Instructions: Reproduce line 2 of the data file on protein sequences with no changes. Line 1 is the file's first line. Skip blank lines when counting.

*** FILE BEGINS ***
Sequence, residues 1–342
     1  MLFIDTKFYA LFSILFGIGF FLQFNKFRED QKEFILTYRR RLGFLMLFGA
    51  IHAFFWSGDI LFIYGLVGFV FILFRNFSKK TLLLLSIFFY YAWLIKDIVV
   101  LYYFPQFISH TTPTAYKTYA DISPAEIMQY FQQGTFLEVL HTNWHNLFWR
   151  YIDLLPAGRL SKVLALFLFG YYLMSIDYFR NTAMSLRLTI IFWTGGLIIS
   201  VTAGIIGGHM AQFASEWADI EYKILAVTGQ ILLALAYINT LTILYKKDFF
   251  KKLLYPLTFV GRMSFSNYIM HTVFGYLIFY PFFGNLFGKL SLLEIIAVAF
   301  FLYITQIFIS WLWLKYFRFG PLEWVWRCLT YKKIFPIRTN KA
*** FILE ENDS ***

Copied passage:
     1  MLFIDTKFYA LFSILFGIGF FLQFNKFRED QKEFILTYRR RLGFLMLFGA